The definitions given for ambition suggest both the good and bad. For example, one online definition describes ambition as “a strong desire to do or to achieve something, typically requiring determination and hard work.” Nothing wrong with that. But the next description of the word is “an ardent desire for rank, fame, or power.” Not so appealing.

Another entry says ambition is “a particular goal or aim, something that a person hopes to do or achieve.” Again, nothing wrong with that. But then comes the description “a desire to be successful, powerful, or famous.” Again, two of the three words are not as positive.

William Barclay discusses the Greek work in his book New Testament Words with the title “The Wrong Kind of Ambition.” He reports that in the beginning it was a perfectly respectable word meaning “labor for wages.” But with the passing of time the meaning of the word degenerated to describe something a person did “simply and solely for his [sic] own honor and glory and for his [sic] own profit.” The word is used seven times in the New Testament and always has a negative implication.

The best known and clearest usage of the word in the Bible is in the Apostle Paul’s instruction to Christians in Philippians 2:3a, “Do nothing out of selfish ambition or vain conceit” (NIV). I think the NIV’s addition of the adjective selfish to ambition captures the degeneration of the word Barclay traces. The NLT renders the warning, “Don’t be selfish; don’t live to make a good impression on others.” And in The Message Eugene Peterson has Paul caution, “Don’t push your way to the front; don’t sweet-talk your way to the top.”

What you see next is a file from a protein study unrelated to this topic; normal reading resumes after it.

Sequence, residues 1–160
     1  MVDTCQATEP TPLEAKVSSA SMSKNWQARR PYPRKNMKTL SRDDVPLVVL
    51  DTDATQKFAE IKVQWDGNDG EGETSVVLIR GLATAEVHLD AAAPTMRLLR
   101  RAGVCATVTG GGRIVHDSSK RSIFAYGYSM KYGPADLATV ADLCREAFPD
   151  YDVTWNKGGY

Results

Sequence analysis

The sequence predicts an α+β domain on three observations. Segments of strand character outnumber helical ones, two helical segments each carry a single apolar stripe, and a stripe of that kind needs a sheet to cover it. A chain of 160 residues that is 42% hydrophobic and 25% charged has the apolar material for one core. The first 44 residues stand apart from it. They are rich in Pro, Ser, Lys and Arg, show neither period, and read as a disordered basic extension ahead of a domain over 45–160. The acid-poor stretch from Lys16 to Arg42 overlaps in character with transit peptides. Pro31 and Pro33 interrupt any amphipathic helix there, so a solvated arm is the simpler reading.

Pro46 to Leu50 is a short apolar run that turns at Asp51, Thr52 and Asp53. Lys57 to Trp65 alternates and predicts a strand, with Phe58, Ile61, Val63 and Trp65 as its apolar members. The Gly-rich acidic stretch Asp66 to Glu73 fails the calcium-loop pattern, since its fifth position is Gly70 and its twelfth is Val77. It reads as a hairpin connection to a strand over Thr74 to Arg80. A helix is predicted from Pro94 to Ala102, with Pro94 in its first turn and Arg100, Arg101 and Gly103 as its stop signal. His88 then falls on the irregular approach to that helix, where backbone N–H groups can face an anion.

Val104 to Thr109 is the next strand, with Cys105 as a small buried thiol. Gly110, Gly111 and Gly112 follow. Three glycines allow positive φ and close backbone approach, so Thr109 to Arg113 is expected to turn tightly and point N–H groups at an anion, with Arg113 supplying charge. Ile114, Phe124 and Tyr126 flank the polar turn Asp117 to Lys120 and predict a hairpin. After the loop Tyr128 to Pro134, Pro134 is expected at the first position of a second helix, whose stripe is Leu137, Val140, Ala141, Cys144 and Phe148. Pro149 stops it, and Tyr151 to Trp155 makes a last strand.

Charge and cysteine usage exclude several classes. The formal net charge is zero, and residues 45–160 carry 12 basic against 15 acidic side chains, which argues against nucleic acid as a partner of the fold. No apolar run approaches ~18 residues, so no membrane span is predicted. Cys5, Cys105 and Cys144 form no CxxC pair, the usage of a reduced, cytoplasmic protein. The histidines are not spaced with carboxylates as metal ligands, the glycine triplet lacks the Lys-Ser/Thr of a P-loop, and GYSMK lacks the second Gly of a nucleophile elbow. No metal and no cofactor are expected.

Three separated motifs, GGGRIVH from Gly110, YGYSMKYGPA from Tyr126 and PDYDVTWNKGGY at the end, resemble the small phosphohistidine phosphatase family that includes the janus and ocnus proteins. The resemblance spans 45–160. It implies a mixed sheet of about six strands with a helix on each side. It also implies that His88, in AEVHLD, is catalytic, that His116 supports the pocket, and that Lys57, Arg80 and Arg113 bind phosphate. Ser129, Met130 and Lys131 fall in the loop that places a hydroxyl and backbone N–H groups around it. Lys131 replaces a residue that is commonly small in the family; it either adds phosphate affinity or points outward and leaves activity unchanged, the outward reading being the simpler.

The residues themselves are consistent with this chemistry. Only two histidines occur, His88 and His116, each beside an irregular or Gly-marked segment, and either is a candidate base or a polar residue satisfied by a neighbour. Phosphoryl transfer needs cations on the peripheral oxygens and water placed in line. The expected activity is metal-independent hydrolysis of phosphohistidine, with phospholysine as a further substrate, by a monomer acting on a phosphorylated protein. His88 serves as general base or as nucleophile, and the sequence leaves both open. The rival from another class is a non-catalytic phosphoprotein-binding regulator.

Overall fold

In the next chapter in the letter Paul doesn’t use the actual word, but I think he is writing about his ambition and what I would call good ambition. He writes in Philippians 3:12-14, “Not that I have already obtained all this, or have already arrived at my goal, but I press on to take hold of that for which Christ Jesus took hold of me. Brothers and sisters, I do not consider myself yet to have taken hold of it. But one thing I do: Forgetting what is behind and straining toward what is ahead, I press on toward the goal to win the prize for which God has called me heavenward in Christ Jesus.”

In his review of a book of essays about ambition James A.K. Smith makes a couple of observations that ring true and are descriptive of Paul’s ambition. One is that “the opposite of ambition is not humility; it is sloth, passivity, timidity, and complacency.” And he is right to note the ambitious are not always prideful and arrogant. His second observation is that “it is the telos [goal] of ambition that distinguishes good from bad, separating faithful aspiration from self-serving aggrandizement.”

At the age of 66 I am not as ambitious as I was in years gone by, but I haven’t lost all my ambition. I pray my ambitions are not self-serving or arrogant. I hope they are more in line with the Apostle Paul’s—to become more and more the person God has called me to be as a follower of Jesus.